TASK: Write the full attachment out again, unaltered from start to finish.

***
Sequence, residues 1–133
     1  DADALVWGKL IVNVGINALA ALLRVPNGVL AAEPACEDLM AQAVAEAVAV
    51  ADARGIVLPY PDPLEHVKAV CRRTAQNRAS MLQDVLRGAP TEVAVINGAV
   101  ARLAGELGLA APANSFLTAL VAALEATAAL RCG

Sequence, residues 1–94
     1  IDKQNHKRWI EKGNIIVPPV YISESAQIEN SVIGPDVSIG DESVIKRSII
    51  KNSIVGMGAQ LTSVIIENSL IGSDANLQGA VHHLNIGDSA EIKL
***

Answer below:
Sequence, residues 1–133
     1  DADALVWGKL IVNVGINALA ALLRVPNGVL AAEPACEDLM AQAVAEAVAV
    51  ADARGIVLPY PDPLEHVKAV CRRTAQNRAS MLQDVLRGAP TEVAVINGAV
   101  ARLAGELGLA APANSFLTAL VAALEATAAL RCG

Sequence, residues 1–94
     1  IDKQNHKRWI EKGNIIVPPV YISESAQIEN SVIGPDVSIG DESVIKRSII
    51  KNSIVGMGAQ LTSVIIENSL IGSDANLQGA VHHLNIGDSA EIKL